A third way to move forward—and which can coincide with financial innovation—is to make full use of the power of information and communications technology to retail price risk management to the farmers. A choice of options could be added, for example, to the marketing choices given through a village-level Internet system such as India’s e-choupals. There are many other ways in which Internet and mobile phone technology, smart cards and other technologies could be used to overcome the “last mile” problem in distributing financial services, and including price risk management is no exception. Work on several such ideas (although not in the coffee sector) is ongoing in various countries, including India and Kenya.
Box 3: India’s e-choupals: how technology can help cross the “last mile”
Agricultural marketing in India has for a long time been rather disorganized, with a long chain of intermediaries making it difficult for agricultural processors or supermarkets to procure the quality of goods that they desire, and reducing the share of the final consumer price that is received by the Indian farmer to a percentage considerably below that of other countries.
To change this situation, one of India’s largest agro-corporates, ITC Ltd., started in June 2000 setting up a network of rural internet kiosks, known as e-choupals. Five years later, these kiosks already reached well over a million farmers. The e-choupals are managed by local farmers, selected from among the community. They act not only as a procurement platform for ITC, but also allow farmers to order inputs and obtain information on specific topics, including through a number of crop-specific Web sites in local languages (and also Web sites on issues such as aquaculture).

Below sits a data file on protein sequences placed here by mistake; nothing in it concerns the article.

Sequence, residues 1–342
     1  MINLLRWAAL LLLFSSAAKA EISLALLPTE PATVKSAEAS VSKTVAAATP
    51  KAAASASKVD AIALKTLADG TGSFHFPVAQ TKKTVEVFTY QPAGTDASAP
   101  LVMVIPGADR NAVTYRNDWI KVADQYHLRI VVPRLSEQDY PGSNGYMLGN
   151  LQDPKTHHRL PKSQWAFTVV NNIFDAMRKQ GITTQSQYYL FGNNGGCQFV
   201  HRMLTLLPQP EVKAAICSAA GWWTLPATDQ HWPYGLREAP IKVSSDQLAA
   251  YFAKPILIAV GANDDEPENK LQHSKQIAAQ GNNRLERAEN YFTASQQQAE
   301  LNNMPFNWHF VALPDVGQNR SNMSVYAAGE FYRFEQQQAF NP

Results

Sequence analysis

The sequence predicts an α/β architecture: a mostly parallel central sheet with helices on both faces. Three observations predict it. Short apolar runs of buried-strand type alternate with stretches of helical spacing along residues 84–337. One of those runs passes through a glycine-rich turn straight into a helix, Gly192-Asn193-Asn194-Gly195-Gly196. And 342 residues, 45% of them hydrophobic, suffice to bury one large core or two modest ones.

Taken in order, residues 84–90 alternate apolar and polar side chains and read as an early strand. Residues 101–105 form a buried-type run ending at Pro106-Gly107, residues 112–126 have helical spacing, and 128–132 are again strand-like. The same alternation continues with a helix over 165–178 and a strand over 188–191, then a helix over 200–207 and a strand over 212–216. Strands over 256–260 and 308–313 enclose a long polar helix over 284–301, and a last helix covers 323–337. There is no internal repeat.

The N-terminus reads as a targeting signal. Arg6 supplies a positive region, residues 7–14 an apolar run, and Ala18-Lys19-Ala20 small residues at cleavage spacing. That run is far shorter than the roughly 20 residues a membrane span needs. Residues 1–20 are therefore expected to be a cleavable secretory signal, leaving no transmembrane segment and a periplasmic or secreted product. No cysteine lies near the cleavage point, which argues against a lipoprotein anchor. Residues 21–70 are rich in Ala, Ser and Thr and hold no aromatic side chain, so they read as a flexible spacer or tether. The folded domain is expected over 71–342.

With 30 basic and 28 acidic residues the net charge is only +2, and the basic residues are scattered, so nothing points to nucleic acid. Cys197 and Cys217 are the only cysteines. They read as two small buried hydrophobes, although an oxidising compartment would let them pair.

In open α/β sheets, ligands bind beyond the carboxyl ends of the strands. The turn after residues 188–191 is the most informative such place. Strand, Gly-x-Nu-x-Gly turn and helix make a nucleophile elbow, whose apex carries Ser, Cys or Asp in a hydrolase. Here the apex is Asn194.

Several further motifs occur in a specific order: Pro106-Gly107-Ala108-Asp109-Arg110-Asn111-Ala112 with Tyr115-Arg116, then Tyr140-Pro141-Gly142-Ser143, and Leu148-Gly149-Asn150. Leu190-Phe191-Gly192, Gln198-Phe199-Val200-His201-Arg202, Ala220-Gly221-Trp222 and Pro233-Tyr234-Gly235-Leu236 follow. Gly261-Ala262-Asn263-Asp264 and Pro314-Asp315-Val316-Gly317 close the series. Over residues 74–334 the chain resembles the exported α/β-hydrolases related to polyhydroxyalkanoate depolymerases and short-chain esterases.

The e-choupal initiative has been very successful, and is starting to be replicated not only in India, but also other parts of the world. The empowerment that the technology provides to farmers helps them to make better decisions, and from ITC’s perspective, the system allows it to procure the high-quality product that it needs for its operations. The trained farmers who maintain the system earn a good living, and in terms of recurrent costs, the system is already sustainable.
A platform of this nature is well-suited to act as a vehicle for the provision of financial services—something that, indeed, ITC is now looking at. Price risk management may then follow soon.
A fourth way to move forward is to make risk transfer a more common part of physical marketing contracts—in other words, build further on the strength of existing supply chains. For international traders, and even for many of the larger exporters, managing price risk is no problem as they have easy access to futures and over-the-counter markets So why could they not absorb more systematically all price risks through the contracts that they sign with suppliers for whom such access is much more problematic? After all, they already do so in many of their contracts, so why not make this a general practice? The obstacles are twofold.
accounted to a few hundred thousand dollars from the World Bank for work in India, and to a few tens of thousands for all the work in other countries. Some donors, such as the European Community, have supported initiatives that went under the commodity exchange banner, but these initiatives were largely donor driven and show little potential for commercial uptake—at best, they have become subsidized price information schemes.